Bernie Gunther returns in the thirteenth book in the Sunday Times and New York Times bestselling series, perfect for fans of John le Carre and Robert Harris.
'One of the greatest anti-heroes ever written' LEE CHILD
'Kerr leads us through the facts of history and the vagaries of human nature' TOM HANKS
'One of the greatest master story-tellers in English' ALAN FURST
1957, Munich. Bernie Gunther's latest move in a string of varied careers sees him working for an insurance company. It makes a kind of sense: both cops and insurance companies have a vested interest in figuring out when people are lying to them, and Bernie has a lifetime of experience to call on.
Sent to Athens to investigate a claim from a fellow German for a sunken ship, Bernie takes an instant dislike to the claimant. When he discovers the ship in question once belonged to a Greek Jew deported to Auschwitz, he is convinced the sinking was no accident but an act of vengeance.
And so Bernie is once again drawn inexorably back to the dark history of the Second World War, and the deportation of the Jews of Salonika - now Thessaloniki. As Europe prepares to move on to a more united future with Germany as a partner rather than an enemy, at least one person in Greece is ready neither to forgive nor forget. And, deep down, Bernie thinks they may have a point.
Set in 1957, bestseller Kerr's twisty 13th Bernie Gunther novel (after 2017's Prussian Blue) finds the former Berlin cop employed as a lowly mortuary assistant in Munich. Fortunately, a bit of detective work he does on the side leads to a new job as a claims adjustor for a local insurance company. His first assignment takes him to Athens to look into the case of the Doris, a small ship that was on an expedition searching for ancient Greek artifacts when it caught fire and sank. Bernie talks with the Doris's owner, a German diving expert, who soon meets a violent end possibly at the hands of a wanted Nazi war criminal, who in 1943 helped put thousands of Greek Jews (including the Doris's original owner) on trains to Auschwitz. Once again, Kerr shows Bernie contending bravely if futilely against powerful forces whose full evil becomes clear only at the end. The good news for series fans is that an even better career may lie ahead for Bernie as a spy. Author tour.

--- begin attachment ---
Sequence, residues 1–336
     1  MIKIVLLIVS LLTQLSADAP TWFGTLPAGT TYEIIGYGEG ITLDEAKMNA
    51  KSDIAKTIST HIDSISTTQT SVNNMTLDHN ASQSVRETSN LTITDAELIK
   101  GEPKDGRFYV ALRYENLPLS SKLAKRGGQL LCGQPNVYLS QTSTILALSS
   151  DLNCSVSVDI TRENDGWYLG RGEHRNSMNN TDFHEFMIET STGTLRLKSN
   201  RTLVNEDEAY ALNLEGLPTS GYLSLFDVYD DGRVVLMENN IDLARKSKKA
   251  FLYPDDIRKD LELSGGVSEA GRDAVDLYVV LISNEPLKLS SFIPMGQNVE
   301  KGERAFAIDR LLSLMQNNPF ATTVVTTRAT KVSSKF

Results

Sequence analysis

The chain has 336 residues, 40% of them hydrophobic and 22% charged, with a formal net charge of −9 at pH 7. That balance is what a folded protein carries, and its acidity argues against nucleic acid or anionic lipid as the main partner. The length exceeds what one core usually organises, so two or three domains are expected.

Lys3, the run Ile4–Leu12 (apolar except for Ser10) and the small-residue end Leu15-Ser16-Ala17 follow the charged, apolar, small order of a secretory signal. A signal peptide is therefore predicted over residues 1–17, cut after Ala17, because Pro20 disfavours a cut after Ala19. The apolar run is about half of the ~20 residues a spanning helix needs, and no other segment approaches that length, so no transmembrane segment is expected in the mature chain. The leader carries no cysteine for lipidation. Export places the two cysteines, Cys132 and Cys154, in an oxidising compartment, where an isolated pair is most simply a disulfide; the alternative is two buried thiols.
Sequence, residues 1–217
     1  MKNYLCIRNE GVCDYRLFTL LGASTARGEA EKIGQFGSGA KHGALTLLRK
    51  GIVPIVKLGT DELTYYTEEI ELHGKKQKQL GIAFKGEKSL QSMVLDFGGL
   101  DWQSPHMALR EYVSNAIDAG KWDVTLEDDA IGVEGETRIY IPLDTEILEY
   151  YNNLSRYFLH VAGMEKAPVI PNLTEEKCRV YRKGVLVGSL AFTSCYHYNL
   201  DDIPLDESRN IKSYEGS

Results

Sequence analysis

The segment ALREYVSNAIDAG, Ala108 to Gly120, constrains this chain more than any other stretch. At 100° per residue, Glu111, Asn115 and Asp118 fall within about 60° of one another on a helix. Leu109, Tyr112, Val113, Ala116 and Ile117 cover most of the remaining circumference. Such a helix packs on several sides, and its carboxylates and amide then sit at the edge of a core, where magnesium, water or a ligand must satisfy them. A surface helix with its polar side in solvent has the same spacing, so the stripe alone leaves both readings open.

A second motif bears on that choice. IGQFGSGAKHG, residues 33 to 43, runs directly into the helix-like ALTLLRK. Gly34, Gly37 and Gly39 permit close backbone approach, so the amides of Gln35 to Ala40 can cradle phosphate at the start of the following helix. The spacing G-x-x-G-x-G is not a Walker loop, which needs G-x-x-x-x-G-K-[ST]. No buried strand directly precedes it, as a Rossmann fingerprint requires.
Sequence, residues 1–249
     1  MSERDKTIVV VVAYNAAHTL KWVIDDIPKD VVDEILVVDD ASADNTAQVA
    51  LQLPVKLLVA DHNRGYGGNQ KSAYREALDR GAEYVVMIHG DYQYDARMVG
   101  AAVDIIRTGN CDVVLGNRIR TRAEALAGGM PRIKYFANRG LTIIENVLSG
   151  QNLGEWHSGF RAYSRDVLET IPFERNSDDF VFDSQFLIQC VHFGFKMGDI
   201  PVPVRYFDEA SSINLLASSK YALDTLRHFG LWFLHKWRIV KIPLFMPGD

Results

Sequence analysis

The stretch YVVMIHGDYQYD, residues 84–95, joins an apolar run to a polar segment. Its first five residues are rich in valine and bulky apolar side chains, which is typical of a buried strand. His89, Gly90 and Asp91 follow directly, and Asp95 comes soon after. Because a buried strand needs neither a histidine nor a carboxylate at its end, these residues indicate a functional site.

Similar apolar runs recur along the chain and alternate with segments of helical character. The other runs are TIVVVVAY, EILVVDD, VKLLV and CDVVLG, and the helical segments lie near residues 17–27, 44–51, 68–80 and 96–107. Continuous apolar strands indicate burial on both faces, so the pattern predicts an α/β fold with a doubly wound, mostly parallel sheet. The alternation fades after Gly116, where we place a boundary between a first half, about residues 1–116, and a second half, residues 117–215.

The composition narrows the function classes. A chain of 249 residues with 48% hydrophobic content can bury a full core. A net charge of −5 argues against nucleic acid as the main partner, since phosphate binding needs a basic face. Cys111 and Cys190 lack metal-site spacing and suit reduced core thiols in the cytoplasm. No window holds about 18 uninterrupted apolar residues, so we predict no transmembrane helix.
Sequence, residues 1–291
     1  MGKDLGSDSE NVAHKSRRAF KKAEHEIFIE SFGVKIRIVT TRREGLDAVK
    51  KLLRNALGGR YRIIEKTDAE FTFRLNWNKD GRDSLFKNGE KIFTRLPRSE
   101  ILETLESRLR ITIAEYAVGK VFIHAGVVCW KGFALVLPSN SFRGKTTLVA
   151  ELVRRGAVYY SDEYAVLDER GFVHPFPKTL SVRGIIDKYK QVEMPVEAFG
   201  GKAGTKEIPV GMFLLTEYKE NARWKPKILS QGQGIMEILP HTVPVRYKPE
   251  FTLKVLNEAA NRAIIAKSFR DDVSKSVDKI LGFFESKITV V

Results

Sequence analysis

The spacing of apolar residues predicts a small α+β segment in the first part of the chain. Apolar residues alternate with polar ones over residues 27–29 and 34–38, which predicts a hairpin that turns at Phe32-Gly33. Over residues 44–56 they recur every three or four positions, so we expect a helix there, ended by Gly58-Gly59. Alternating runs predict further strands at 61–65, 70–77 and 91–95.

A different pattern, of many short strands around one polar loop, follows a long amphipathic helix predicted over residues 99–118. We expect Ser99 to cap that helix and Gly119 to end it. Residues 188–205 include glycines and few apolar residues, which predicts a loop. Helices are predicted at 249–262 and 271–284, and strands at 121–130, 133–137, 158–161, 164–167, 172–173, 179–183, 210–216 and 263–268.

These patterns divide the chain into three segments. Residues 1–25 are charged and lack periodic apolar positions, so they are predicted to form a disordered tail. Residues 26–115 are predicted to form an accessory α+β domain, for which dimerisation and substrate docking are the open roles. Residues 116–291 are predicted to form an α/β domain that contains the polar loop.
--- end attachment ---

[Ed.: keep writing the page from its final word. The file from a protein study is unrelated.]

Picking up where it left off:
Customer ReviewsSee All
Was it all a Dream?
Sadly my least favourite Bernie Gunther novel, I’m even about to double check to see if I’ve missed a few chapters as it tailed off and ended quite abruptly.
It never really got up to the normal express pace of pretty much all his previous books and also it seemed to leave so many questions unanswered?
Hopefully the next and possibly last instalment will give Bernie the fitting ending that he deserves.